Nasal seizure medication overview
Prolonged seizures and status epilepticus are extremely anxiety provoking for observers and dangerous to the patients. While the "gold standard" treatment is an IV benzodiazepine as initial therapy, this is often not possible outside the confines of an inpatient setting and it requires highly skilled personnel to safely and effectively deliver. The traditional outpatient treatment is rectal diazepam - but this drug is only about 60% effective and for some reason is very expensive (U.S. charges can exceed $200/dose). More recently a large study suggests that intramuscular injections of benzodiazepines are as effective as IV therapy and should displace both rectal and IV drugs as initial treatment. However, this requires an injection (not ideal for a parent to administer to a child) and will likely also be very expensive to justify the costs of bringing the drug to market. Interestingly, some thoughtful clinicians have been working on another concept - nasal delivery of generic benzodiazepine. Based on a moderately extensive bit of literature, nasal midazolam or lorazepam appears to be as effective as IV benzodiazepines, faster to deliver, and safe in terms of not inducing respiratory depression. They are more effective than rectal medication in most of the studies done, they can be safely delivered by parents at home - eliminating the need to call and ambulance and freeing the family up to travel further distances from the hospital, and they do not require much training to be effective. Finally, intranasal benzodiazepines are quite inexpensive - probably under $15 per dose including the delivery device. These insights are slowly beginning to push the use of nasal midazolam and/or lorazepam into the mainstream and increasingly pediatric neurologists and parents with epileptic children are becoming interested in this concept. This overview section provides a quick look at the topic and provides dosing and protocols. Digging deeper behind this page is an extensive review the literature with supporting references. (Click here to skip the overview below and to go directly to the deeper discussion).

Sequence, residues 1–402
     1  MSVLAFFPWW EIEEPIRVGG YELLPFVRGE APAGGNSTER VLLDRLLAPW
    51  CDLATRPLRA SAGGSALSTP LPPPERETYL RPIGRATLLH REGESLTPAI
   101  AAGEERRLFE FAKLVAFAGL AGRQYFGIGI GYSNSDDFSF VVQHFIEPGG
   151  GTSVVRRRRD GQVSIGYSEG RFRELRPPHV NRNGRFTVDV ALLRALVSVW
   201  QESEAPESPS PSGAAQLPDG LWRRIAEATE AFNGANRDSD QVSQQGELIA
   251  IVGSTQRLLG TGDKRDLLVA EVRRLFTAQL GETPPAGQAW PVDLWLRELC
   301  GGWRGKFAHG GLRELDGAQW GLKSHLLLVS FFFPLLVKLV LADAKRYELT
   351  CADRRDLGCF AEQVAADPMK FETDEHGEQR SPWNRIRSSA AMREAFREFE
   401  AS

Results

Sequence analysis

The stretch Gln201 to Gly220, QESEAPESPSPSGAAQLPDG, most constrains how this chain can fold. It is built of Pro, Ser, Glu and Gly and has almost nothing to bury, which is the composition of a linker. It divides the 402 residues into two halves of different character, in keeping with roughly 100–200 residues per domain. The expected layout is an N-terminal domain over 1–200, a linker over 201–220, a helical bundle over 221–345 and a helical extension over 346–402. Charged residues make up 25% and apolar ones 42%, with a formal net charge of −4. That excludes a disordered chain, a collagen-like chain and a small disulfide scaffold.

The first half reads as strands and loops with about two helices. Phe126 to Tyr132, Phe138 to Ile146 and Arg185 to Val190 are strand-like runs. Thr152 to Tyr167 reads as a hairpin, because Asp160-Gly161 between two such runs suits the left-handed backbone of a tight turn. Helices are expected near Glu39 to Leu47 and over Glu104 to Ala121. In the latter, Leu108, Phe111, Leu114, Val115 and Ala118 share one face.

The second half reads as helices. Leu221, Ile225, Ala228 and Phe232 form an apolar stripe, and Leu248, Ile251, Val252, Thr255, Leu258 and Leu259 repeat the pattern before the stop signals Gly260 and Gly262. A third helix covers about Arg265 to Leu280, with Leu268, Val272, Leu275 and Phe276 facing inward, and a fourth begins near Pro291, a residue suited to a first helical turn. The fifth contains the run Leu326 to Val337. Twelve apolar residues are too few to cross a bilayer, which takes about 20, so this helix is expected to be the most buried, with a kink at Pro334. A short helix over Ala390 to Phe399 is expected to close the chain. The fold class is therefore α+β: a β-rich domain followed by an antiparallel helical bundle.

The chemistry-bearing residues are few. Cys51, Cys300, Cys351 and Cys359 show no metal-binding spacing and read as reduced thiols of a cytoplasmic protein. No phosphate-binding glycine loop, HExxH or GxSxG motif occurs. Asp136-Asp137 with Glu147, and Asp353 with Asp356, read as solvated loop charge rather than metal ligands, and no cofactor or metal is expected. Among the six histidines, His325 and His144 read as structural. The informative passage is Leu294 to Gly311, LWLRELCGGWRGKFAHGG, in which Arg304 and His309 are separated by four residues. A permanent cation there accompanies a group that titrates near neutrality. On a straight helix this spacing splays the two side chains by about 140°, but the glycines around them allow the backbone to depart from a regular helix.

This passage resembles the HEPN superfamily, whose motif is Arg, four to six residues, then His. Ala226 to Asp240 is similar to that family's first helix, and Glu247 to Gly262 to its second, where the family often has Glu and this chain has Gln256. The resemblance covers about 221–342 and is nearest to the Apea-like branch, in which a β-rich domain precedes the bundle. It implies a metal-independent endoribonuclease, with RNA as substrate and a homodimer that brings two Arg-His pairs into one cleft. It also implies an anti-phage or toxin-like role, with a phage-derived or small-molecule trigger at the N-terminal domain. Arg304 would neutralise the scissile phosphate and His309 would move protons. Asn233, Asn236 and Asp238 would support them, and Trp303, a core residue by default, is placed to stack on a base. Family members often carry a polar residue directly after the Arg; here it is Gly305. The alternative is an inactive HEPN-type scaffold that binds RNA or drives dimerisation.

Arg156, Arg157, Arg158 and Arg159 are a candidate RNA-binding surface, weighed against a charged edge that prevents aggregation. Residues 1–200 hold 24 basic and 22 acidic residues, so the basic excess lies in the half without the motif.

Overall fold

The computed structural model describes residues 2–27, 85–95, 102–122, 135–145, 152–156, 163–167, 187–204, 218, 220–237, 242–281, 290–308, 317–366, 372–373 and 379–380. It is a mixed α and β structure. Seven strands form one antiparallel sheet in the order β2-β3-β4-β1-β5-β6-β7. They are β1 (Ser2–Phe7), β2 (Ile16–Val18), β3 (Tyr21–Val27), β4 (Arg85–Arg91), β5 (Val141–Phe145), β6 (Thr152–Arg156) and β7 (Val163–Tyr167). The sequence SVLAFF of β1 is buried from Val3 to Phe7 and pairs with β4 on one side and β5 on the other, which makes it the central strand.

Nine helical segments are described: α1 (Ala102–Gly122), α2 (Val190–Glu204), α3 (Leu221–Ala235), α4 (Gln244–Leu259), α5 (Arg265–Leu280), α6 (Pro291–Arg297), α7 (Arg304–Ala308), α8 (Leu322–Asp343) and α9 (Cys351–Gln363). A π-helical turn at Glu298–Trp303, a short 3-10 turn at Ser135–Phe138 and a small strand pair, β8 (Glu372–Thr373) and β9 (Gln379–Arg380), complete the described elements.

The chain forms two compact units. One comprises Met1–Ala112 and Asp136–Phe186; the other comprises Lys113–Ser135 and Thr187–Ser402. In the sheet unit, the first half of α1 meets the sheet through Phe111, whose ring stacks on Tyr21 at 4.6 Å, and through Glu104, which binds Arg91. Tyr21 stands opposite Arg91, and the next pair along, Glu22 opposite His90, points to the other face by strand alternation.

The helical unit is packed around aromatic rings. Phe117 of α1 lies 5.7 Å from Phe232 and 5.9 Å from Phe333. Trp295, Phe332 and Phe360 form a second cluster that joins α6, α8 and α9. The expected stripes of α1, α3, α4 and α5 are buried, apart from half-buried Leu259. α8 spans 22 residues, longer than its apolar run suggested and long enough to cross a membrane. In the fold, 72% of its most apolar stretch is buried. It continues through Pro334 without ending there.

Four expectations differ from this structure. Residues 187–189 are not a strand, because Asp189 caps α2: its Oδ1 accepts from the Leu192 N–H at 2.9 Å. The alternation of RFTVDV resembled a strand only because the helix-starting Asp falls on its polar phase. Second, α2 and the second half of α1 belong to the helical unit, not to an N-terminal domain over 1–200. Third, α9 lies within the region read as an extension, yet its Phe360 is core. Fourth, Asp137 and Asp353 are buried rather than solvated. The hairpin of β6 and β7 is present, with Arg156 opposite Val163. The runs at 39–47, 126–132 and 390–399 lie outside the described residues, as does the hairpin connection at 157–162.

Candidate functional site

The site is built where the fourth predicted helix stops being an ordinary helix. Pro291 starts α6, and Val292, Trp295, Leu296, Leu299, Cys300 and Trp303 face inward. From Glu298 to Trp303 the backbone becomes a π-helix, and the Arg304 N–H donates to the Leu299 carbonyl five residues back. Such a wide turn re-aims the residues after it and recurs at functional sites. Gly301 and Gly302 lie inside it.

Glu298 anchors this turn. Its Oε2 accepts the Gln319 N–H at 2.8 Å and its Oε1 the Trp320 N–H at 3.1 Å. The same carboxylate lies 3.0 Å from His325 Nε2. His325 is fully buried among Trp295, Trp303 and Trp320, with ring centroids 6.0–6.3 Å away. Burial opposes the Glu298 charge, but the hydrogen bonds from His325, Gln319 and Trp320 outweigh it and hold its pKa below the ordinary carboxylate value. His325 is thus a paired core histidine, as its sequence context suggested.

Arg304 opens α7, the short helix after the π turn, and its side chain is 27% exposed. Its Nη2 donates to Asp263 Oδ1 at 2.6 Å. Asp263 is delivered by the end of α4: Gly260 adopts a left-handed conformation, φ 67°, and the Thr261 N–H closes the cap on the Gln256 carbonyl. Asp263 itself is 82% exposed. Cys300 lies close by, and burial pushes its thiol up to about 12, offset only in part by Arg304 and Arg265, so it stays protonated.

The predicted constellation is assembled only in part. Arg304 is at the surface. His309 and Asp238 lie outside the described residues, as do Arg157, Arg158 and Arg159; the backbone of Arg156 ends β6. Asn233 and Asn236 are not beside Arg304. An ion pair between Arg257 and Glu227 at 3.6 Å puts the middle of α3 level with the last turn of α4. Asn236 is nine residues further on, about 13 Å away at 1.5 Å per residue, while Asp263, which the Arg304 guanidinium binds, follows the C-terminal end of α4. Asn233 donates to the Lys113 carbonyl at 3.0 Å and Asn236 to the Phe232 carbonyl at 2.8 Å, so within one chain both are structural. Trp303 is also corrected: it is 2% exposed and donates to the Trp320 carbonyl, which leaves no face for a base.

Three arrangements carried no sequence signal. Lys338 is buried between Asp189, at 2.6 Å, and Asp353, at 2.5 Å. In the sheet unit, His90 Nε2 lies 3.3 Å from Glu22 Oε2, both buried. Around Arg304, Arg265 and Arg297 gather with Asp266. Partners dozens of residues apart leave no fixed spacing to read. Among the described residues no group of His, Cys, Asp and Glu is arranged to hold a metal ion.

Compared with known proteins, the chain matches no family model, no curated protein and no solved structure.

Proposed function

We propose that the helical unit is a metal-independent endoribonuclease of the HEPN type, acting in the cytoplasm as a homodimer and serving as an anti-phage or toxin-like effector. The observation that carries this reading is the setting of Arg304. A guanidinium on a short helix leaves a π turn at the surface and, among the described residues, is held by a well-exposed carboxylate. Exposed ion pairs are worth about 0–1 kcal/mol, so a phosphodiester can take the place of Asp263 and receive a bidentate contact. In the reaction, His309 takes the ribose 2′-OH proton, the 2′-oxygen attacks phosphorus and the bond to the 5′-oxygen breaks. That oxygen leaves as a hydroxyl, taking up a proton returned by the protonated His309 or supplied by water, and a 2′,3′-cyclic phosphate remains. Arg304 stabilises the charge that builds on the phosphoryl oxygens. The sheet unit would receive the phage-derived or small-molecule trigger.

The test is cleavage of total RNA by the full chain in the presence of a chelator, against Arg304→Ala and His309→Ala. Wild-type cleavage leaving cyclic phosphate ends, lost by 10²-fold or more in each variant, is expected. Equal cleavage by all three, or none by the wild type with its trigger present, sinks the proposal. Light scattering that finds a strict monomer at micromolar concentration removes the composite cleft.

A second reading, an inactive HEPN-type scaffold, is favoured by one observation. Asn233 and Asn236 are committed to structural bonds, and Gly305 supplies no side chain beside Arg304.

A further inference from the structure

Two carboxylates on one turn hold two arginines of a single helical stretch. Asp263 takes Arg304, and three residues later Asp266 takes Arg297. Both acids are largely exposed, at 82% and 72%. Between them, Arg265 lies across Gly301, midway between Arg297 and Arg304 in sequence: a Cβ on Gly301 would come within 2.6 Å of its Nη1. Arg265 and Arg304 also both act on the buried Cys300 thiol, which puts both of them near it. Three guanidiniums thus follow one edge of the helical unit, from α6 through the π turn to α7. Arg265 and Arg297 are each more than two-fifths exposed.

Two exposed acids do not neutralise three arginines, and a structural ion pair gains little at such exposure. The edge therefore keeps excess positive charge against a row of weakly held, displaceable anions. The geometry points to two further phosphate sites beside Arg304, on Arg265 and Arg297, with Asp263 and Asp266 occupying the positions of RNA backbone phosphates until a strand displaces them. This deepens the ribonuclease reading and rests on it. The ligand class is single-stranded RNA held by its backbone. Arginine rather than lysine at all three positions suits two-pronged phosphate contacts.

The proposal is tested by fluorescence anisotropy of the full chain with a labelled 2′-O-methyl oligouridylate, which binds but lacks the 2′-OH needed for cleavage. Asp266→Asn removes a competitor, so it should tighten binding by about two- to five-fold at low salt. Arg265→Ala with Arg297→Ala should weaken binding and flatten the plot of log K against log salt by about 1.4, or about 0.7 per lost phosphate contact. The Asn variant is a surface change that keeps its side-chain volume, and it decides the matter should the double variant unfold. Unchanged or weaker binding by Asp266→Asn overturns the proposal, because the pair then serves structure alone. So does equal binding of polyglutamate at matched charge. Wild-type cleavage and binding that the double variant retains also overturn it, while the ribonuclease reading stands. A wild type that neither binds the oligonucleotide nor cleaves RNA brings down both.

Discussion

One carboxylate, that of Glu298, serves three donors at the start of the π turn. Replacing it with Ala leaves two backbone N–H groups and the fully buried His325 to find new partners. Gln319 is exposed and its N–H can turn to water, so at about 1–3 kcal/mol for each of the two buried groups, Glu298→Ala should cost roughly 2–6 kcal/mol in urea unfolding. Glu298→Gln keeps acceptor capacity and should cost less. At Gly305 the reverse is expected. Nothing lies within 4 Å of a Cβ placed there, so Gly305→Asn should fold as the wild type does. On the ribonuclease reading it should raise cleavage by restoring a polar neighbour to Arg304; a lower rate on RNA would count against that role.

Key Concepts regarding delivery of any nasal medication to the systemic circulation and brain
Use the right dose!
- For seizure therapy, the dose of benzodiazepines via the nose is nearly the same as the IV dose - without causing much sedation. Use the literature to guide your dosing (see below).
- Respiratory depression is rarely a concern with nasally delivered generic concentrations of drugs - so use the right dose. Click here for a brief but more in depth discussion on this concept.
Minimize volume, maximize concentration of the drug
- Use the most concentrated (potent) available formulation
appropriate for the task
- eg: IN Midazolam should be done using 5 mg/ml concentration, not the 1 mg/ml concentration.
Large volumes are lost into the pharynx or out the nostril.
Maximize total absorptive surface area
- Use BOTH nostrils for volumes over 0.3 ml. This doubles the absorptive surface area and reduces runoff.
- ABOUT half per nostril is clinically adequate - do not worry about being exact.
Use a delivery system that maximizes mucosal surface area coverage and minimizes loss to the environment and runoff
- Droppers work in research using cooperative patients who hold still for many minutes. They tend to be less effective in clinical trials.
- Atomization (not nebulization over minutes) allows immediate delivery of all the drug directly to the mucosa in a broad area of coverage with little loss to the environment. This improves clinical effect and does not require a cooperative patient.
- Account for device dead space in your dosing calculations especially for children or small drug volumes.
Be thoughtful about anatomic issues and head positioning to enhance delivery
- If possible place head with Occiput/crown down (neck extended) - this delivers more drug higher onto the turbinate's to enhance absorption and nose-brain transport.
- Blood and mucous should be suctioned if possible to enhance mucosal coverage.
Key Concepts related to nasally delivered sedatives
Dosing: See below for doses supported by the literature. Failure to use the adequate dose will likely lead to failure to control seizures.
Respiratory depression: Generic midazolam delivered intranasally does not lead to respiratory depression. Click here for a brief but more in depth discussion on this concept.
Titration: Repeated doses (or half doses) can be given every 10-15 minutes for the benzodiazepines can lead to more titrated effect.
Dosing information and delivery protocol
- Midazolam - 0.2 mg/kg
- Lorazepam - 0.1 mg/kg to max of 4 mg